Finally, appellant maintains that the report furnished by the Medical Center at Springifeld, Missouri, of the examination of him, pursuant to 18 U.S.C. Sec. 4244, contained false and vindictive information, whereby he is entitled to an evidentiary hearing and resentence. Thus, the appellant claims the right to have a trial and an opportunity to rebut the presentence report in its entirety. He claims this as an ingredient of due process. The cases do not support this claim. Williams v. Oklahoma, 358 U.S. 576, 584-585, 79 S.Ct. 421, 3 L.Ed.2d 516 (1959); Hoover v. United States, 268 F.2d 787, 790 (10th Cir. 1959).


As previously noted, the appellant's counsel examined the presentence report, presumably in its entirety, and there was no objection to its accuracy prior to the sentencing. Appellant now attempts to once again litigate the insanity issue by challenging the Medical Center's diagnosis. In so doing he would impeach the jury's verdict that he was sane. Inasmuch as the issue was fully presented and considered, and in view of the fact that there was very substantial evidence presented which included a report from the Wyoming State Hospital, a report from a Denver psychiatrist who testified for the appellant at trial and a report from a Kansas psychiatrist, it cannot be said that the judge was not fully advised. Accordingly, we conclude that the trial court acted properly in rejecting the appellant's demand for an evidentiary hearing in respect to the psychiatric material in the presentence report. See Jordan v. United States, 421 F.2d 493, 498 (9th Cir. 1970).


In summary, we hold that the court fulfilled its obligation to communicate to the accused information relied on in pronouncing sentence so that the accused could correct or explain that information.


We see no merit in any of the defendant's contentions. Accordingly, the judgments of the trial court should be and the same are hereby affirmed.


Of the Fifth Circuit, sitting by designation


The record discloses the following:


Now, the Court has ordered a presentence investigation in regard to this matter. Mr. Sieve, have you had a chance to examine the pre-sentence report and discuss its contents with your client?

MR. SIEVE: Yes, I have, Your Honor.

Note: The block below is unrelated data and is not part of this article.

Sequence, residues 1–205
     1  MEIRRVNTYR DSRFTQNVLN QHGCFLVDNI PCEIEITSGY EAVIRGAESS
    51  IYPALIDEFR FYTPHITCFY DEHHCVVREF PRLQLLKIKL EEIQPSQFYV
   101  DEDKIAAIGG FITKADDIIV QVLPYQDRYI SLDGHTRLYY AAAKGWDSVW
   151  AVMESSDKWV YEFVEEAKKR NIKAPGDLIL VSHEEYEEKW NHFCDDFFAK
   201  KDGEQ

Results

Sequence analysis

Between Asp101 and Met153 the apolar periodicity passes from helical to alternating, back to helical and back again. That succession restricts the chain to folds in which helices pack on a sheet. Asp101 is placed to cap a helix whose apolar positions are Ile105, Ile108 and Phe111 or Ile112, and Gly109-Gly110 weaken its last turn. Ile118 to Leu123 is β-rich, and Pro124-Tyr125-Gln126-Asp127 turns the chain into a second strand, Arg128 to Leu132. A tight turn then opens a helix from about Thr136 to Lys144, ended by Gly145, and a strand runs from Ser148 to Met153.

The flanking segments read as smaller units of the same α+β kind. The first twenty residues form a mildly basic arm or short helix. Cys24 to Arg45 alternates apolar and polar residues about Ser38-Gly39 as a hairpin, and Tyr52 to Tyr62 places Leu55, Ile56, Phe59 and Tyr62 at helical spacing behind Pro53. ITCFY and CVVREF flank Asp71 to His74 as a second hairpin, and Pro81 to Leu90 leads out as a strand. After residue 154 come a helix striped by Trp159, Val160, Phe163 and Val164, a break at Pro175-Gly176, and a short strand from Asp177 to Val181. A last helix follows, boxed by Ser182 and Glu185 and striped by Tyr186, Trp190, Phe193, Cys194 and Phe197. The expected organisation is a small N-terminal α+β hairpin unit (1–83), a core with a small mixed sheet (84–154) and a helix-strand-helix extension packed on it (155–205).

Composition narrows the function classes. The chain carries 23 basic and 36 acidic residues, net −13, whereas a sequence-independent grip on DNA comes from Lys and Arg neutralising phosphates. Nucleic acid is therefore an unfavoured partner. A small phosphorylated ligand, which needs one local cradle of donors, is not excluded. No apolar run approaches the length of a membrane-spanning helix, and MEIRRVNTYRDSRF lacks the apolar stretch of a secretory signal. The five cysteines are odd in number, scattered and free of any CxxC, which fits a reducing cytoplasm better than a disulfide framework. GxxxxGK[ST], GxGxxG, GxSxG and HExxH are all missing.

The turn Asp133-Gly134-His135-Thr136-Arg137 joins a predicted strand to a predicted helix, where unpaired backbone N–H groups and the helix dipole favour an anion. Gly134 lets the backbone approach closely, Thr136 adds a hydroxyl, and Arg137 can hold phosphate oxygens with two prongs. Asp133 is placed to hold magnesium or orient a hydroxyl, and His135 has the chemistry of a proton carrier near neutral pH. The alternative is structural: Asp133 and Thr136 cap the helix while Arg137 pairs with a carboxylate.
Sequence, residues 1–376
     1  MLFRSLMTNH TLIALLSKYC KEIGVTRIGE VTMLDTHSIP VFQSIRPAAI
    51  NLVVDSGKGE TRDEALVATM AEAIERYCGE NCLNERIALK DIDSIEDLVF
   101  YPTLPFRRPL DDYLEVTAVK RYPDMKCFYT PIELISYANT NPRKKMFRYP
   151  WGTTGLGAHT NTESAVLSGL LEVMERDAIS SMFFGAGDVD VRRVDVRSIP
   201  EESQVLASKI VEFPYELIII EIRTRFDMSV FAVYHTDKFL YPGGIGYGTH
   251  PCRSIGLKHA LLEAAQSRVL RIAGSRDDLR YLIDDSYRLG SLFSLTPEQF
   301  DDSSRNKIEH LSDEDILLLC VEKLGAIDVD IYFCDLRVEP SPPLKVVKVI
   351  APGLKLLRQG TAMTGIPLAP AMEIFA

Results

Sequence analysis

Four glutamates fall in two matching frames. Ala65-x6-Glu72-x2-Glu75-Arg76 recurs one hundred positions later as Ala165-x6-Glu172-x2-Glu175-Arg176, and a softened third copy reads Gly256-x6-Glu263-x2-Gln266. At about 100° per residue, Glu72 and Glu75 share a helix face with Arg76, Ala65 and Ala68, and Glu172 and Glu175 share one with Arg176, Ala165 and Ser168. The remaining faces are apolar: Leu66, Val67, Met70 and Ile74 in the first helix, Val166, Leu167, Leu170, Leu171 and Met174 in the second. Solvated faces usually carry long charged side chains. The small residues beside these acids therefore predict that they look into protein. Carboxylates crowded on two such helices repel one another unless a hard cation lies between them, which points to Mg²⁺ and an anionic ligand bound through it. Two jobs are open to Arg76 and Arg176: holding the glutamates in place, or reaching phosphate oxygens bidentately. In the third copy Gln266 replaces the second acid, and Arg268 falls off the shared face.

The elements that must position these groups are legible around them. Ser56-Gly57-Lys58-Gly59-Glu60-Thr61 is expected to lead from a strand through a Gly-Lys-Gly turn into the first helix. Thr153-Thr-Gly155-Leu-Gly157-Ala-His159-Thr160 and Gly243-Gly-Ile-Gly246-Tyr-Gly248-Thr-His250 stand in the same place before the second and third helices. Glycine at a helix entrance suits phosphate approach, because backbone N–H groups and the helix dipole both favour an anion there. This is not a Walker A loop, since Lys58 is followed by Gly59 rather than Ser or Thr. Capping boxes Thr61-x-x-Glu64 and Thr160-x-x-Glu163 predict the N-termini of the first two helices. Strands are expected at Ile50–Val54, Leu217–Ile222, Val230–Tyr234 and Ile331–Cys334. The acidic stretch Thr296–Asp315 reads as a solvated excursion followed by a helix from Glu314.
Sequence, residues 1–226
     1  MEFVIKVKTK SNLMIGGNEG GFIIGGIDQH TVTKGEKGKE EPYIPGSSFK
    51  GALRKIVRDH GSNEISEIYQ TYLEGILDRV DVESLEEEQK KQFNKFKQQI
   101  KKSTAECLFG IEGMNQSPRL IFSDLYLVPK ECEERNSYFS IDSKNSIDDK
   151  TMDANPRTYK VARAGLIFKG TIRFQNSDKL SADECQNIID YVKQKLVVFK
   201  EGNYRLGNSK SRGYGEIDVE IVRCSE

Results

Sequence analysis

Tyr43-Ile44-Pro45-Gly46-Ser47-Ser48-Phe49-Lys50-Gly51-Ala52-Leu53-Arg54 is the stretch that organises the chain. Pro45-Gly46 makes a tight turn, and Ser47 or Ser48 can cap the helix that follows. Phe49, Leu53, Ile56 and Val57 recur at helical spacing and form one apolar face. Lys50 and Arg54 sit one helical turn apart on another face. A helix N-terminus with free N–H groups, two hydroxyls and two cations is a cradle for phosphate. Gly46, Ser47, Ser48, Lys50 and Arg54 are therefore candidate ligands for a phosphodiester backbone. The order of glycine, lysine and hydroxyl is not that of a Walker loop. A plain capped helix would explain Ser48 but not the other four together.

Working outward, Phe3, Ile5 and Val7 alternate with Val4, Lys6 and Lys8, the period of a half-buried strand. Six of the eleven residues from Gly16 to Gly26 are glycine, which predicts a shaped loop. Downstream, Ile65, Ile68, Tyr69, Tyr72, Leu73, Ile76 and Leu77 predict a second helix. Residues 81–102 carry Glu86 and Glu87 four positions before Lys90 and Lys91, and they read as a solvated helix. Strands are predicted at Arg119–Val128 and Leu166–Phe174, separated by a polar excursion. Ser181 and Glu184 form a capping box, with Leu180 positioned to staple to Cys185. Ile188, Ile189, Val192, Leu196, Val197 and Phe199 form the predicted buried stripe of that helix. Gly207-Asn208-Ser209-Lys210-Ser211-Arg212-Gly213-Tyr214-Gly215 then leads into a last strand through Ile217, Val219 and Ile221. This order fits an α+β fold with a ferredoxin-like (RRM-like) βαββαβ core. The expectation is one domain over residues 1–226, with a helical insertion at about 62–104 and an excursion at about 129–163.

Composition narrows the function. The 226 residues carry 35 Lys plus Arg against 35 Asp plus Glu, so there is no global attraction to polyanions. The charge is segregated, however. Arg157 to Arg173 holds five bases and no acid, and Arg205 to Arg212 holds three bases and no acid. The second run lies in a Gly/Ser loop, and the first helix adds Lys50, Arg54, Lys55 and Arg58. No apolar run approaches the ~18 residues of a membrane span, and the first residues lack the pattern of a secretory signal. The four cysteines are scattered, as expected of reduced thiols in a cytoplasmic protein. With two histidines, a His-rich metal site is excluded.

THE COURT: Do you have anything to say?

MR. SIEVE: No, Your Honor, except that the defendant would like it put in the record that he has not been allowed to have in his possession and go over a copy of this pre-sentence investigation report himself. I have some comments as to his sentencing, yes, sir.

THE COURT: He does not have a right to see the pre-sentence report and that's all there is to it and you can note your objection in that regard. I'll hear your comments about it.


Rule 32(c) (2) provides:

(2). Report. The report of the presentence investigation shall contain any prior criminal record of the defendant and such information about his characteristics, his financial condition and the circumstances affecting his behavior as may be helpful in imposing sentence or in granting probation or in the correctional treatment of the defendant, and such other information as may be required by the court. The court before imposing sentence may disclose to the defendant or his counsel all or part of the material contained in the report of the presentence investigation and afford an opportunity to the defendant or his counsel to comment thereon. Any material disclosed to the defendant or his counsel shall also be disclosed to the attorney for the government.


Justice Black recognized this in Williams v. New York, 337 U.S. 241, 247, 69 S.Ct. 1079, 1083, 93 L.Ed. 1337 (1949) when he said:

A sentencing judge, however, is not confined to the narrow issue of guilt. His task within fixed statutory or constitutional limits is to determine the type and extent of punishment after the issue of guilt has been determined. Highly relevant-if not essential-to his selection of an appropriate sentence is the possession of the fullest information possible concerning the defendant's life and characteristics. And modern concepts individualizing punishment have made it all the more necessary that a sentencing judge not be denied an opportunity to obtain pertinent information by a requirement of rigid adherence to restrictive rules of evidence properly applicable to the trial. (Footnote omitted.)